Starting with Windows 10 build 16232, Controlled Folder Access was introduced into Windows Defender Antivirus.
Controlled Folder Access helps you protect valuable data from malicious applications and threats, such as ransomware. It is part of Windows Defender Exploit Guard.
Controlled Folder Access in Windows Defender Security Center examines applications that can make changes to files in protected folders. Occasionally, an application that is safe to use will be determined to be harmful. This happens because Microsoft wants to keep you safe and sometimes makes the mistake of being too cautious. However, this may affect the way you use your PC normally. You can add an application to the list of safe or allowed applications to prevent them from being blocked.
You can add additional folders to the list of protected folders, but you cannot change the default list, including folders like Documents, Pictures, Movies and Desktop. Adding other folders to Controlled Folder Access can be helpful, for example if you have not stored files in the default Windows library or you have changed the library’s location from the default.
This guide will show you how to enable or disable the Controlled Folder Access feature of Windows Defender Exploit Guard in Windows 10.
Fight Ransomware with Controlled Folder Access Windows 10
Open Windows Security and click on the icon Virus & threat protection.
Click on the link Manage ransomware protection in section Ransomware protection.
Turn on or off (default) Controlled Folder Access, depending on what you want.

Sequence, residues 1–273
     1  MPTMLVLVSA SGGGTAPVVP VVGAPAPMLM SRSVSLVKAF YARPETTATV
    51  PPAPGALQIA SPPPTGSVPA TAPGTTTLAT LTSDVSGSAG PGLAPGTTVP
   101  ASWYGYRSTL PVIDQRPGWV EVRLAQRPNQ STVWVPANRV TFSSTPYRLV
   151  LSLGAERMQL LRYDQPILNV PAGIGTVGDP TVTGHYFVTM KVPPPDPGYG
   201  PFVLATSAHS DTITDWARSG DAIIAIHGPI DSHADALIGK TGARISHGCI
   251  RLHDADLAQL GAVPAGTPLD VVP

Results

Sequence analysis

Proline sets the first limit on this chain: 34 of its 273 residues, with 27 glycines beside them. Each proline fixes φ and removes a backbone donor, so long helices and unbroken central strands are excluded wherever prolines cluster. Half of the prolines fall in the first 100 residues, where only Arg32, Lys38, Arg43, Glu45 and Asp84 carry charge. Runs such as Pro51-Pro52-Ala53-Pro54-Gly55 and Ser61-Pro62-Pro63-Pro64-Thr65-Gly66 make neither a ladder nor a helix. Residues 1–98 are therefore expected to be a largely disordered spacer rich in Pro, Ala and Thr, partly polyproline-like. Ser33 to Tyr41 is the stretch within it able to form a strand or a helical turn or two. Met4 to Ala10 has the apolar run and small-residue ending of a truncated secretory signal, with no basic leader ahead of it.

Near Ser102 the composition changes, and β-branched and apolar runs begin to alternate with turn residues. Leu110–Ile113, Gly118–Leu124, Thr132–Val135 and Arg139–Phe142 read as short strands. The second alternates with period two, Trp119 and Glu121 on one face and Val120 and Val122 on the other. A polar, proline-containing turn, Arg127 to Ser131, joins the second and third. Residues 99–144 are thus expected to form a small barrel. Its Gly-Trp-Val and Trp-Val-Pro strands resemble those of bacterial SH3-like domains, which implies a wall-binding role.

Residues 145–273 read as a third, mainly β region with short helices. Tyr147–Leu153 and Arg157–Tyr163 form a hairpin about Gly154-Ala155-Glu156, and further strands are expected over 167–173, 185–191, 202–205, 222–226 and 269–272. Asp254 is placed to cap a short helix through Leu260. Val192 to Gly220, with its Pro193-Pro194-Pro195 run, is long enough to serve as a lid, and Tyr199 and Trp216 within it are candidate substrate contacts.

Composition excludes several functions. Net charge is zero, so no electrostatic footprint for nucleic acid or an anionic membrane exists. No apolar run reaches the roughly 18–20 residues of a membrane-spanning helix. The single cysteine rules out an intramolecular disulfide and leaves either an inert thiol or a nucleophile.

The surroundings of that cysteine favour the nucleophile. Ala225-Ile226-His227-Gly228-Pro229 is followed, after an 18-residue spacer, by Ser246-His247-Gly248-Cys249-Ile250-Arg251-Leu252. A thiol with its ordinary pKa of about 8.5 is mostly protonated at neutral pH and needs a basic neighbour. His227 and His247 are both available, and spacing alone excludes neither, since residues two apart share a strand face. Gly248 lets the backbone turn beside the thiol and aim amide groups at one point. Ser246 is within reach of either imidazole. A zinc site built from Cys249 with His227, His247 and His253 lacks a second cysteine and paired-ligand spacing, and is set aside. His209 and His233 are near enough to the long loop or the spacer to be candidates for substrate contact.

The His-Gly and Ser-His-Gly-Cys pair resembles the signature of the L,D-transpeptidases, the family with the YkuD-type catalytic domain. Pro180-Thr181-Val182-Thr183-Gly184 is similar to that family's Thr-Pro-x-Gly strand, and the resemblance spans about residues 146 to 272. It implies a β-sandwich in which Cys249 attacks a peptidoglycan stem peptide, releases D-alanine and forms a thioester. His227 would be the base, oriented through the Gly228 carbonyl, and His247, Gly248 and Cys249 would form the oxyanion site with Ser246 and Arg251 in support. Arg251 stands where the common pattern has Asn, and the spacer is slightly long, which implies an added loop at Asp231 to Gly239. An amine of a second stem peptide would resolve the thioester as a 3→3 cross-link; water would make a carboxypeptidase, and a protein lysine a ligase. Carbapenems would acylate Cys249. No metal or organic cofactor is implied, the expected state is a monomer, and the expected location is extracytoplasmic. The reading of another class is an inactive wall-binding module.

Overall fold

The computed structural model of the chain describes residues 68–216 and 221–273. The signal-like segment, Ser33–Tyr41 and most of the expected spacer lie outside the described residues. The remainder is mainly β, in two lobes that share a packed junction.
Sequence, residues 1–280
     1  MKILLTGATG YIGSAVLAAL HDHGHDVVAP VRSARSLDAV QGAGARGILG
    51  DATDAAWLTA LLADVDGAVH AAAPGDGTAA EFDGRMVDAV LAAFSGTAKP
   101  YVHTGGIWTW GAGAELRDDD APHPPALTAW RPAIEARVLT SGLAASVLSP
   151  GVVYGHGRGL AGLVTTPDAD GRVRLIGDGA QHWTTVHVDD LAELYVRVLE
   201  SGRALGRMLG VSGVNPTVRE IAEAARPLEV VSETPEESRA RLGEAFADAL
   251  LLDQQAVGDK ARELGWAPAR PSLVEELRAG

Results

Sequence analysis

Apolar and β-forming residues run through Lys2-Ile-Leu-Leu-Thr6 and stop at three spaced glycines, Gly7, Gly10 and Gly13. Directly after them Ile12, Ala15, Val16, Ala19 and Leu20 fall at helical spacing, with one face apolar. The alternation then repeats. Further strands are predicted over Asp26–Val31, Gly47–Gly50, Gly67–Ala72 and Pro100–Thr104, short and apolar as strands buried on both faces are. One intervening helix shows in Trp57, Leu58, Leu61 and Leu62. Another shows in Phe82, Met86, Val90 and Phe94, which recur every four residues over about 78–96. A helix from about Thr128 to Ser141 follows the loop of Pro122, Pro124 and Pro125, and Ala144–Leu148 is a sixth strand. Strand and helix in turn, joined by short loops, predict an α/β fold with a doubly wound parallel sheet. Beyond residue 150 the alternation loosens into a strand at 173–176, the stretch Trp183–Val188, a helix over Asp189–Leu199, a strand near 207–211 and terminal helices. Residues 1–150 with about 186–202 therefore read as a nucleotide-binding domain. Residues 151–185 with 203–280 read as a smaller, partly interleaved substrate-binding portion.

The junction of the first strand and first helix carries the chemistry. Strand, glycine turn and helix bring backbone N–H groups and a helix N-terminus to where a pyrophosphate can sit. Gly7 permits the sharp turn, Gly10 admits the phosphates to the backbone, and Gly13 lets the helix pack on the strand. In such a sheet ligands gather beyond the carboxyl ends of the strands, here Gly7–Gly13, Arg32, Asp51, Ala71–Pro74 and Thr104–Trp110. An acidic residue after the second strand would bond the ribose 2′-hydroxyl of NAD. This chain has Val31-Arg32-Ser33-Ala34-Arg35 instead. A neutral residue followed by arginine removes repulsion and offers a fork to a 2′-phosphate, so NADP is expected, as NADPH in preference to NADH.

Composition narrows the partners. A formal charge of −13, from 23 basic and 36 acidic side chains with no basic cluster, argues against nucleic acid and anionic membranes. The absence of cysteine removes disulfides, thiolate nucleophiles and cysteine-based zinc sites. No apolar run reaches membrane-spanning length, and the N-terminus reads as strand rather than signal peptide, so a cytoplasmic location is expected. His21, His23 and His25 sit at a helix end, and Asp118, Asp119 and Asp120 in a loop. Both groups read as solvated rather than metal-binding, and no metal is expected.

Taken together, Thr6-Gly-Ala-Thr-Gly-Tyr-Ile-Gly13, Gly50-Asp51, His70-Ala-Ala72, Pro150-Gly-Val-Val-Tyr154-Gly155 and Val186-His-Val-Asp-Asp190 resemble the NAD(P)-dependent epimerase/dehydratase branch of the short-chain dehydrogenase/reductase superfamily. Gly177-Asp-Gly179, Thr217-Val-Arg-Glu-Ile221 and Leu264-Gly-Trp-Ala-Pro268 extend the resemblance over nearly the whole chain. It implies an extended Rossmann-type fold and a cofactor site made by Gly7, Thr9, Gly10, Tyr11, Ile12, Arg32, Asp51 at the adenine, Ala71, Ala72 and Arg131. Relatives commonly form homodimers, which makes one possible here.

Click Yes when prompted for approval by UAC.
When done, you can close Windows Defender Security Center if you want.
See also: 6 notable security features on the Windows 10 Fall Creators Update
Another way to turn on Controlled Folder Access
In addition to the above, there are 2 other ways to enable Controlled Folder Access. The easiest way is to run the PowerShell command.
Set-MpPreference -EnableControlledFolderAccess Enabled
To turn it off, just run the same command but replace it with “Disabled”.
Alternatively, system administrators in large organizations can use the Group Policy Management Console to enable this feature for users across the network.
- Step 1: On the manager machine Group Policy, open Group Policy Management Console, Right click Group Policy Object you want to select and click Edit.
- Step 2: In Group Policy Management Editor, choose Computer Configuration.
- Step 3: Click Policies > Administrative Templates.
- Step 4: Extend Windows Components > Windows Defender Antivirus > Windows Defender Exploit Guard > Controlled Folder Access.
Management for the whole system via Group Policy Management Console
- Step 5: Double-click Configure Controlled folder acces and select Enabled.
Group Policy can be used to select accessed applications and protected folders for each computer in the domain.
Select folders and applications for computers in the system
When any unauthenticated software tries to edit files in these folders, the user will receive a warning in the bar. Windows Notification. Windows Defender Also recorded in event history.
Warning when software tries to access protected folders
Note that for Controlled Folder Access to work, real-time protection must be enabled in Windows Defender.
Test using Controlled Folder Access to block ransomware
In testing with Asasin Locky, x1881 CryptoMix, Comrade HiddenTear, and Wyvern BTCWare malware variants, Controlled Folder Access did a good job of blocking these ransomware from encrypting files in protected folders. The other folders are still encrypted as usual.
The unprotected folder is still encrypted by the ransomware
As a side effect, when executables of whitelisted folders attempt to edit files in the protected folder, Controlled Folder Access will block this and do not display a message.
Source content: Enable Anti-ransomware Controlled Folder Access in Windows 10